activities, program and budget equity, improved transportation services, and customer service. “We are hearing something needs to be done because we don’t have enough students to fill all the facilities we currently have,” Tunis said. “There are questions about which one is the right one.” The District has five high schools below the desired school size of 7001200 students and eleven elementary schools below the desired school size of 350-600 students. “The proposal was made two years ago because of the number of facilities the district has versus the number of students in these facilities” Tunis said. “The district hopes to consolidate the schools with struggling numbers to have more resources.” There are currently only 350 students attending Southwest. The building’s capacity is around 1,500 students. In addition, few of the students that attend Southwest live in the neighborhood, and many are traveling across town to school. “The students that we serve are

the Dart | | 4 December 2015

more centered around Southeast, rather than Southwest,” Tunis said. According to Tunis, despite Southwest’s great facilities, Southeast was recently renovated both internally and externally. The campus has newer athletic facilities and is located closer to where more students from the district live. Junior Mary LePique lives down the street from Southwest High School and saw the school reopen in 2010. The school was criticized for behavior problems when it first reopened. “If Southwest closes the neighborhood will be quieter, not that it is loud now, it will just have less traffic and activity,” LePique said. “As the years since the school reopened have passed, I have noticed less kids skipping school and less cops at the school.” Most students on a map are located around Southeast, so the students currently attending Southwest are traveling farther than they need to. The push for neighborhood schooling in the District will create new District boundaries and better transportation.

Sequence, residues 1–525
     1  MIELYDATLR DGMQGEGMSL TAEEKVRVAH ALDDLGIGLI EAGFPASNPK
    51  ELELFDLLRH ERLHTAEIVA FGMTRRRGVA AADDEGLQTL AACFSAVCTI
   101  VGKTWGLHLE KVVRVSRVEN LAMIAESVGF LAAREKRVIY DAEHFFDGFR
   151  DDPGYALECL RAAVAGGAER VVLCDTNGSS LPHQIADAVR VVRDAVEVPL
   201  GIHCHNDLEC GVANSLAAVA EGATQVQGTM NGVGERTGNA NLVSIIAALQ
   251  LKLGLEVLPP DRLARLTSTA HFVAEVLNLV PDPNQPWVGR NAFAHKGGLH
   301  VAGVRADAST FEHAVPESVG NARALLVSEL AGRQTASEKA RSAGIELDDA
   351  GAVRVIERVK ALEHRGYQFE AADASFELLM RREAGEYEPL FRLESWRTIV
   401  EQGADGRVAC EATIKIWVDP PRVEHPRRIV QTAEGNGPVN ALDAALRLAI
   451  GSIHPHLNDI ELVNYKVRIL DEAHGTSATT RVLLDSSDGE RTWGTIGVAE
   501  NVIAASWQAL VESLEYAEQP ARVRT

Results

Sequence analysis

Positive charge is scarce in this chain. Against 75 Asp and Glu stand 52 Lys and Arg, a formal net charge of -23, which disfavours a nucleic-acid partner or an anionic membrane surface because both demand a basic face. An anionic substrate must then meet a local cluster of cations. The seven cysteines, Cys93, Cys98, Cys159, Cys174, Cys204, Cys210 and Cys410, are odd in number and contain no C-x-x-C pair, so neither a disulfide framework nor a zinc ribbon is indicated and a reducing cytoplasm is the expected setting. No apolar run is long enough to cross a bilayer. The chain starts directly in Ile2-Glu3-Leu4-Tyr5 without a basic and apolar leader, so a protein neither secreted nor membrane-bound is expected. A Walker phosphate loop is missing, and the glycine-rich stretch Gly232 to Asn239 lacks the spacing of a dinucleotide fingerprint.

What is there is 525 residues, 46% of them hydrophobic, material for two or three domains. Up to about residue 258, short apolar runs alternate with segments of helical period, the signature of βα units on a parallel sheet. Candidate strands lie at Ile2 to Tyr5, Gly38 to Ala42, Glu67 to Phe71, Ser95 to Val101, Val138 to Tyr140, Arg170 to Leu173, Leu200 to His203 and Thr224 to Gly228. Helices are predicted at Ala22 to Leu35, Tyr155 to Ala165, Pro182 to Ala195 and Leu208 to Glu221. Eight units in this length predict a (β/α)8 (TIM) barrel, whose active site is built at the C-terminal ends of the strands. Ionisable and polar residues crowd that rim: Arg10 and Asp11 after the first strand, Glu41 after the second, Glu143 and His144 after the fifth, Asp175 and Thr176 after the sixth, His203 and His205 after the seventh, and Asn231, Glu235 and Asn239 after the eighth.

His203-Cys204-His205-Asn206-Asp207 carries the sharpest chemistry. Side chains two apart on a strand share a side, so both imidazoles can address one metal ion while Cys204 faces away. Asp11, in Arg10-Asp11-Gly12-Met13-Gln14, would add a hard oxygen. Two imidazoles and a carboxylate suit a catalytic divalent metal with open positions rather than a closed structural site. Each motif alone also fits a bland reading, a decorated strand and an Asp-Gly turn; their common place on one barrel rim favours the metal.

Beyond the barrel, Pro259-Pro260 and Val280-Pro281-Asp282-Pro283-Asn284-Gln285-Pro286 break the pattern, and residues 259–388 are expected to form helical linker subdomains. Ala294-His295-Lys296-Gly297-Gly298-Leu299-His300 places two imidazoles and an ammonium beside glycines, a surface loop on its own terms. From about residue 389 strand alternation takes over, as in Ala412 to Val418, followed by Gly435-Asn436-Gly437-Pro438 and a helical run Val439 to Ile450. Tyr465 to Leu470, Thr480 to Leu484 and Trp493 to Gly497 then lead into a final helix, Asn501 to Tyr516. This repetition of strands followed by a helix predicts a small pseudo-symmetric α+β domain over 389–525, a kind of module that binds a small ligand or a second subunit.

Southwest High School's Closing: Step by Step compiled by KATIE DONNELLAN | staff writer

Sept. - Dec. 2013 KCPS conducts technical assessment and community engagement

Oct. 2014 - March 2015 Consultant (MGT) conducts technical assessment and community engagement April 2015 MGT presents recommendations to School Board / Superintendent

Feb. 2016 Board decision on recommendations

Nov. 2015 KCPS staff presents recommendations to the School Board

Feb. - Aug. 2016 Transition into school year and plan activities / programs (if approved)